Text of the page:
The history of Los Angeles as told through 232 objects.
Los Angeles was founded on September 4, 1781. Between now and the 232nd anniversary, we are gathering the stories behind iconic objects that help explain our city. Los Angeles is older than Chicago, Atlanta or Washington, D.C. In fact, when L.A.’s founders were gathering at El Pueblo, New York City was still occupied by the British army. We have a long story to tell, let’s take a look back and see where the city came from. Feel free to add to this exhibition. Email your ideas to firstname.lastname@example.org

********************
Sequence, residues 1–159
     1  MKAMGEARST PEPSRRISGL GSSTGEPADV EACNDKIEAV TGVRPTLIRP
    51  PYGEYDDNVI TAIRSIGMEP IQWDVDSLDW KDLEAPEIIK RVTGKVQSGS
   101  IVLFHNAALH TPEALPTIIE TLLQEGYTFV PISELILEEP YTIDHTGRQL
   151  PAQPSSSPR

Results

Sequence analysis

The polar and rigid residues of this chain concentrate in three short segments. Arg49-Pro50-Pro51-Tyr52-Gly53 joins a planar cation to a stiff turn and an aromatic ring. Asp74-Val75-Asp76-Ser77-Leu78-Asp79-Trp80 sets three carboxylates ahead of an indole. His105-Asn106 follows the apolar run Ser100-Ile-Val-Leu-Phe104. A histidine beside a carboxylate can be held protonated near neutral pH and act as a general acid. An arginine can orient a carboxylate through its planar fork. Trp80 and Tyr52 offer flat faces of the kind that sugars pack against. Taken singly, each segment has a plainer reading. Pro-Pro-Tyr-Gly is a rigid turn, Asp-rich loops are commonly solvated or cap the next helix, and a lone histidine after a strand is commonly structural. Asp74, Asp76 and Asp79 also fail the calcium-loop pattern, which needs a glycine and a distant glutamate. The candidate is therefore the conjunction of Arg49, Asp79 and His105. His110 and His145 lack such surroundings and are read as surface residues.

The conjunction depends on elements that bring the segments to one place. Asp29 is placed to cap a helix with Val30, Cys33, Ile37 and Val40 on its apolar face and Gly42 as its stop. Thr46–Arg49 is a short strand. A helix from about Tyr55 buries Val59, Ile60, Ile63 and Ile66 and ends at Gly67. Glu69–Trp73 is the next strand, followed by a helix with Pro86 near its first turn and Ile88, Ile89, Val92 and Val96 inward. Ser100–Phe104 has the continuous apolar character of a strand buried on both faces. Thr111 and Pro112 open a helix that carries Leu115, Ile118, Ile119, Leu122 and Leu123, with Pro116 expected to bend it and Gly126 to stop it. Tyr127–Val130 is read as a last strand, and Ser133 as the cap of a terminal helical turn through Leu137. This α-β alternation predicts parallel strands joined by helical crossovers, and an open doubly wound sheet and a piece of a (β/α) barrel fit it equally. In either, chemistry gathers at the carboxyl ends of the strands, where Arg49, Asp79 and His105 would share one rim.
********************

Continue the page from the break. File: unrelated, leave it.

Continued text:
This DispL.A. Case is about a psychedelic concert poster, but also takes a moment to reflect on the layers of history that even a single wall can have. The circular handbills were affixed to buildings around town to promote the opening of The Kaleidoscope, a live music club whose opening night acts were The Grateful Dead, Jefferson Airplane, and Canned Heat in April 1967. Today, this club is Nickelodeon On Sunset, with soundstages for Nick shows including Sam And Cat, but in 1938 it was a glittering moderne nightclub showcasing the dancing girls of the Earl Carroll Vanities. The high style nightspot was known for dancing, boozing, and celebrity spotting, and had a great run (they even made this awful movie about it) until Mr. Carroll died in a 1948 plane crash. Frank Sennes turned the club into the Moulin Rouge, Queen For A Day was filmed there in the 1950’s, and the dance show Hullabaloo ruled in the mid 1960’s. After the Kaleidoscope’s short run the Dutch art collective The Fool covered the façade with a psychedelic mural for the run of the musical Hair, Star Search was here in the 80’s, and who knows how many brief runs of stage plays, TV shows, and rock clubs ruled before Nickelodeon took over at the end of the 20th century. Seventy-five years of entertainment in one concrete box. Collector Jim Heimann carefully peeled this poster off the wall and stashed it away in his epic collection, where it still resides.